Chelsea, my pleasure. I know a bit about what you mean about British social anthropology, which was largely what I studied at Cornell in the late 1960s. One could easily believe that the anthropological world revolved around an axis formed by Malinowski, Radcliffe-Brown, Evans-Pritchard and the Manchester School, with such folk as Meyer Fortes, Edmund Leach, and Rodney Needham offshoots related in various ways to the central tradition. The Americans and the French were acknowledged but largely dismissed as of little importance and the Germans and Russians rarely mentioned at all. Those of us in East Asian studies heard about Fei Xiao-tung, Malinowski's eminent Chinese student, and Nakane Chie, the great Japanese social anthropologist who studied with Raymond Firth—but that was pretty much area-specific knowledge. It is interesting how different the history of anthropology looks when approached from different parts of the world.

At 12:31pm on March 21, 2012, John McCreery said…

Chelsea, you learn more about me and what I do by pointing your browser to

The short version is that having got a Ph.D. and then been young and clueless I busted out of academia, followed the very smart woman I married to Japan, stumbled into a job as an English-language copywriter with a Japanese advertising agency, then, when it was time to move on, joined my wife as a partner in our company The Word Works. We get some original writing assignments, but our bread and butter is high quality translation, Japanese to English. We do well enough that I can pursue anthropology and social network analysis as serious hobbies.

At 11:01pm on February 18, 2012, Keith Hart said…

I hate to say it, Chelsea, but it's a great read!

At 3:07am on January 25, 2012, Justin Shaffner said…

Welcome to the OAC, Chelsea!

Chelsea Hayman's Videos

  • Add Videos
  • View All

Chelsea Hayman's Blog

Linguistic Anthropology and Electoral Madness

Since I've returned to the United States, I've been thrown into the whirlwind of election frenzy that I largely wasn't exposed to in England. It's kind of shocking to see how candidates from both parties approach each other in the debate forum and what people generally consider to be acceptable behavior or not. Recently, after the Vice Presidential debate, there was lots of hubbub surrounding Joe Biden's behavior in the debate, particularly his willingness to so blatantly criticize Paul…


Posted on October 14, 2012 at 6:49am — 3 Comments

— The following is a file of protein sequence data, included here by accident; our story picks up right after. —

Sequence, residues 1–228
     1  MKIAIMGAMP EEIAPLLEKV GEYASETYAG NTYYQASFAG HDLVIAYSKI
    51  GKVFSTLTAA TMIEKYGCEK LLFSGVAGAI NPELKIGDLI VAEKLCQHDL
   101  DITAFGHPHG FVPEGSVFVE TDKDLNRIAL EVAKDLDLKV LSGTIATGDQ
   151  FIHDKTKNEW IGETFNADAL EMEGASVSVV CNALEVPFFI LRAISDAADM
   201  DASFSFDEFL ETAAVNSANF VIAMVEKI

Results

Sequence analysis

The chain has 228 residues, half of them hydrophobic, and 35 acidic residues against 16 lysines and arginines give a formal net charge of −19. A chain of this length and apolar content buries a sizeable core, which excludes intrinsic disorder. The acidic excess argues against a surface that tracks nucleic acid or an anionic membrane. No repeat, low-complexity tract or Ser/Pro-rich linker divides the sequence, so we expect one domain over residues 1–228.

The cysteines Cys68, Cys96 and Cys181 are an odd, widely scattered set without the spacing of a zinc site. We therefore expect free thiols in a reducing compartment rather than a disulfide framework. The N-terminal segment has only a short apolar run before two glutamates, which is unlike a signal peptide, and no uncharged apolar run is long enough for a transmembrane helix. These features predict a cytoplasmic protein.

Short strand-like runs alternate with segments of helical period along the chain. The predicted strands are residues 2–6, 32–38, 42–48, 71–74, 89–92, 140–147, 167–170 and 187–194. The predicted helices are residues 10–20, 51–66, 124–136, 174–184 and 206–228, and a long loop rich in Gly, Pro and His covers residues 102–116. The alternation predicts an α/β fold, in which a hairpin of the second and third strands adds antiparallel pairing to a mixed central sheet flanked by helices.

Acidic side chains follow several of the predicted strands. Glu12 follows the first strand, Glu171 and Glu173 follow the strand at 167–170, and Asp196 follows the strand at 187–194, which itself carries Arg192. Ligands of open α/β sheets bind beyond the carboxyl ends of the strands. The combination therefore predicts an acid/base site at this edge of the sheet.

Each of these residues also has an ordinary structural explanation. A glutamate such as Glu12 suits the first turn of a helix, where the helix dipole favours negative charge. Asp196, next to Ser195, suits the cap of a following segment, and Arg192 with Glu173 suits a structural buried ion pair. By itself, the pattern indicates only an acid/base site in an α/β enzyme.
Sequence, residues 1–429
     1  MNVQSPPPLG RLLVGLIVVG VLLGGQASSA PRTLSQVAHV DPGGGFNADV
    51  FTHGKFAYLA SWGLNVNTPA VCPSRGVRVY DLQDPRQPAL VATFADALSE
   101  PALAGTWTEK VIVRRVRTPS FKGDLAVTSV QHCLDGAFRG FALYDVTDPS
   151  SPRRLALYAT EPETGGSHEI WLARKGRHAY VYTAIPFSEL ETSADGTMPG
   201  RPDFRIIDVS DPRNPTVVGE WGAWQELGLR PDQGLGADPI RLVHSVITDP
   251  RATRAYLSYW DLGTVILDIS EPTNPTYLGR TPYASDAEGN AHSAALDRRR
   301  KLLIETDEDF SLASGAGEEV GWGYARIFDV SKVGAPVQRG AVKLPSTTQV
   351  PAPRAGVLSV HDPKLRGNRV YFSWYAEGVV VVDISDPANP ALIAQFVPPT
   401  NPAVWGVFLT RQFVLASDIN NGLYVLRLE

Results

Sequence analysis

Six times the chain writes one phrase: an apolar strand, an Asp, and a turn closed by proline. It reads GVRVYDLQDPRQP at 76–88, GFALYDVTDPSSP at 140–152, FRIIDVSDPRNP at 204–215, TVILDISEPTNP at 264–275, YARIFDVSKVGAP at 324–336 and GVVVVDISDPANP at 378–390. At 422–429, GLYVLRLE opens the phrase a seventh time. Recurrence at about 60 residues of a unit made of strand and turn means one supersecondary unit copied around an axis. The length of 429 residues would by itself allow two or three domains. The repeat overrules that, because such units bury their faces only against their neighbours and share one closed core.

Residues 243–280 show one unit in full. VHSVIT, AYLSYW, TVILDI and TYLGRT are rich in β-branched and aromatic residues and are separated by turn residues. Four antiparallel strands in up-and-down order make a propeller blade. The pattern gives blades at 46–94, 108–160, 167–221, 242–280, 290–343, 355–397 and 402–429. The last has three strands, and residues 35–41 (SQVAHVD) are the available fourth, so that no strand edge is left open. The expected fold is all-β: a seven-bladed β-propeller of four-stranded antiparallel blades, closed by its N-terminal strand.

Final Abstract for Dissertation

Knowledge For the Public Good: Learning Territoriality and Resource Management in Fisheries


Fishing is one of the most globalised work practices in the world, yet its form and execution varies greatly across cultural contexts. Learning to fish is often accomplished through “situated learning” in communities, which occurs both on the boat and through conversation with other fishers. However, the inculcation of skill and strategy is also…


Posted on August 16, 2012 at 12:46pm — 5 Comments

The Limits of Ontological Anthropology?

After reading Mario Blaser’s intriguing article, The Threat of the Yrmo: The Political Ontology of a Sustainable Hunting Program (2009), I started to see where gaps could lie in the ontological perspective. Although he suggests a “political ontology,” his most compelling and evocative thesis lies in the claim that the Yshiro Indigenous communities of Northern Paraguay abide by an entirely ‘different world’ when they conceive of appropriate conservation behaviors. Thus, their idea…


Posted on July 23, 2012 at 2:13am — 9 Comments

Ethno-Logic, Conservation Behaviors, and the Anthropologist

"The characterization of textbook logic is necessarily brief and simplistic, but it captures an essential point about how logicians view logic and its relationship to thinking. Even the most extreme logical formalists agree that logic is expressed through language. For instance, Quine presents logic as the product of truth and grammar. At the time, he claims that logic is empirically real and emerges in the scientific enterprise." -Hamill, Ethno-Logic: The Anthropology of…


Posted on July 18, 2012 at 10:30am — 11 Comments



OAC Press



© 2019   Created by Keith Hart.   Powered by

Badges  |  Report an Issue  |  Terms of Service